I have been in prison since I was 17 years old. Throughout the nine years that I have been incarcerated, I have been confronted with the various realities of my circumstances, both in prison and outside of these walls. This now includes COVID-19. I believed the lie told to us by the Michigan Department of Corrections (MDOC) at the beginning of the pandemic. The lie that we, the people detained in prisons, were the safest against the virus since we have little contact with society and the outside world. This has proven to be dangerous thinking. In actuality, more than 25,000 people inside Michigan prisons have tested positive for COVID-19, more than 3,600 prison staffers have contracted the virus, and more than 100 detainees have died.
In early March 2020, I was transferred from prison to the Wayne County Jail for a court appearance on the appeal of my conviction. When I got to the jail on March 10, so did news of the COVID-19 pandemic. Two days after I arrived, I was taken to court only to find out that no proceeding would be held. Then the news arrived: I wouldn’t be going back to court until July 31, 2020, and for the rest of the people incarcerated, most of whom were there pre-trial and not yet convicted of anything, the right to a speedy trial was overlooked. We were all stuck with no idea what would happen next.
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We couldn’t protect ourselves from the virus in the jail. Most of the jail staff did not wear masks. We weren’t provided masks, and on the unit I was on at the time, we barely had access to cleaning supplies. With only the ability to watch the local news, we could see the entire world shutting down. People had lost their lives, and it was scary — I had never seen the world react like this to anything ever before.
I thought of my family. How would they survive if they couldn’t work? Where would they get money to eat, pay bills, or where would my mother find the cash to pay for the expensive phone rates the jail and prisons charged for us to speak with each other? The only thing I could hope for is that somehow we could be released. While I remain optimistic, I am still incarcerated.
Instead of going back to the facility that I came from, I was forced to go to another prison temporarily. Upon my arrival there, all of my property was destroyed, including 10 books purchased by friends and family, and all of my hygiene products. I watched as they were thrown into a trash can. I was devastated and it was a reminder that in the MDOC, I am considered less than human.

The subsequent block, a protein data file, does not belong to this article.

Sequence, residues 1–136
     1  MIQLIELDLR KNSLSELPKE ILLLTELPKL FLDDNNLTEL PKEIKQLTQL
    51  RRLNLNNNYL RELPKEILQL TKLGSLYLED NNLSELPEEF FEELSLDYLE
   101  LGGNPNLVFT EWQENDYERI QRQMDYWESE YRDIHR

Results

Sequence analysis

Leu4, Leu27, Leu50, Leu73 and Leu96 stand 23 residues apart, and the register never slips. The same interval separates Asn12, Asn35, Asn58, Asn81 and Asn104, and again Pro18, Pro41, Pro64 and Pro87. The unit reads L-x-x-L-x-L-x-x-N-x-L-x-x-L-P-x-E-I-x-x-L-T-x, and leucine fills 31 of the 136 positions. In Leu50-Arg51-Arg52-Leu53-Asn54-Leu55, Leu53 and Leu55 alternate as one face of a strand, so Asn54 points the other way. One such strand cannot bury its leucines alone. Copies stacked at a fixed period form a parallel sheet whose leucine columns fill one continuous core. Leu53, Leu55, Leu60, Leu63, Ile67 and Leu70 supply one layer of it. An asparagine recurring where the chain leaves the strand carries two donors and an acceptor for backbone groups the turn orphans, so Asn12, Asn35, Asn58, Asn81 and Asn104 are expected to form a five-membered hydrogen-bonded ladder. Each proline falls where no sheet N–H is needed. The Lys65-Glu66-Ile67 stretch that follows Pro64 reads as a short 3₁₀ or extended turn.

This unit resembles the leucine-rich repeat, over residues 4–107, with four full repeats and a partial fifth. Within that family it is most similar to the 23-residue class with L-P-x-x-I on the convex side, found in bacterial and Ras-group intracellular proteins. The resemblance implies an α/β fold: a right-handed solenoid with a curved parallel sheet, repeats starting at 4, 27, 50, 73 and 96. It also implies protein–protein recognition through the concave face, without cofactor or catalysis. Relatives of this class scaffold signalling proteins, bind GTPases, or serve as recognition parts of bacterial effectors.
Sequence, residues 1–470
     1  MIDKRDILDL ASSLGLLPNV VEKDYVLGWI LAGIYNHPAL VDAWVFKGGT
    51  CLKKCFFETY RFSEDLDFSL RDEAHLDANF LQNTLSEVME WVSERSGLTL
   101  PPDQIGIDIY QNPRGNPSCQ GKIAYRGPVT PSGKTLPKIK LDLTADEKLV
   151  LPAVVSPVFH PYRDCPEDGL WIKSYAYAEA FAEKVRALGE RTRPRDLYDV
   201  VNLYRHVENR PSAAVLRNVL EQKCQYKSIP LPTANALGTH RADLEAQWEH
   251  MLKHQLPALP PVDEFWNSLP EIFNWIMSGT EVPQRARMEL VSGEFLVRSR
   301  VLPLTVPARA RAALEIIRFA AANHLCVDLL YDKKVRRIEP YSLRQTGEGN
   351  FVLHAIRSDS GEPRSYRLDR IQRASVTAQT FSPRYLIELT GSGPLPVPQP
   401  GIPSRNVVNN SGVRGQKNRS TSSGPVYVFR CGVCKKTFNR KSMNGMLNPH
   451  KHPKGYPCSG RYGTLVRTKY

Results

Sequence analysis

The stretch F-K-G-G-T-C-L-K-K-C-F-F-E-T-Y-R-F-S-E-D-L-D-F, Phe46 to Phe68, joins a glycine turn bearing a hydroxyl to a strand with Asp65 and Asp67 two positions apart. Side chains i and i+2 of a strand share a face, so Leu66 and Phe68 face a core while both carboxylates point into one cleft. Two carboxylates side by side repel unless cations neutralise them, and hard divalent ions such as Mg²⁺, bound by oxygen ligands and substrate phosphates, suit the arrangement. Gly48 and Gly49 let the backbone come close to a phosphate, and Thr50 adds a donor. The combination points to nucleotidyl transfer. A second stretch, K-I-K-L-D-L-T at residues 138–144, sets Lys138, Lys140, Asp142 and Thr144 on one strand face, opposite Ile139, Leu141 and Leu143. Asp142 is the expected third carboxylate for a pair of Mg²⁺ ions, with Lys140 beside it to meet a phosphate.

At this facility, I watched conditions worsen. We could hardly leave our cells. In September, we learned that every inmate would have to comply with mandatory testing. This meant a cotton swab would be forced up your nose every Monday or you risked being locked down in a prison cell 24 hours a day. After watching a man be dragged off to lockdown for not testing, I chose not to refuse.
I am currently back in the prison where I have lived for the past year. Cases are rumored to be in the hundreds, and we are told that until everyone at the facility — over 1,000 inmates — test negative, nothing will change. This means reduced time outside for fresh air, no religious services, no educational programs, and we cannot go to the law library and access legal research materials.
More than 30,000 people remain in Michigan prisons today. How are we supposed to protect against the virus when our cleaning supplies are nothing more than a spray bottle of water, a broom, toilet brush, and, on occasion, a mop? Soap is available only if you can afford to purchase it from the prison store, and many people in the prisons do not have money to do this. In the midst of this global crisis, we have not been provided new masks in months, and there is no information posted about the virus or how to protect against it. I, along with those around me, struggle to protect our health.
While this pandemic rages on, people inside, many of whom are scheduled to one day be released, will die behind these walls. Gov. Gretchen Whitmer has the power to improve the conditions of people behind bars fighting for their lives during these unprecedented times by granting clemency petitions, commuting sentences, increasing parole grants, and providing meaningful access to personal protective equipment and disinfectant supplies for prison detainees. Government officials are elected to ensure the public health and well-being of all people — and that includes us.
Shokelle McKay, 26, convicted as a minor, is a self-taught writer currently incarcerated in the Michigan Department of Corrections.